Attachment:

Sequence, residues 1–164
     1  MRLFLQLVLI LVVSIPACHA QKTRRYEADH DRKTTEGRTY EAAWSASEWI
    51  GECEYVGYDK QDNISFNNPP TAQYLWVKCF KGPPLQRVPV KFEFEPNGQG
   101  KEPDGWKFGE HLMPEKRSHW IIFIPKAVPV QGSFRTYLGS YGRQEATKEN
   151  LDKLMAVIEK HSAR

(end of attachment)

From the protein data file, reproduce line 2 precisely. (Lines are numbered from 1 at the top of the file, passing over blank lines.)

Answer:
     1  MRLFLQLVLI LVVSIPACHA QKTRRYEADH DRKTTEGRTY EAAWSASEWI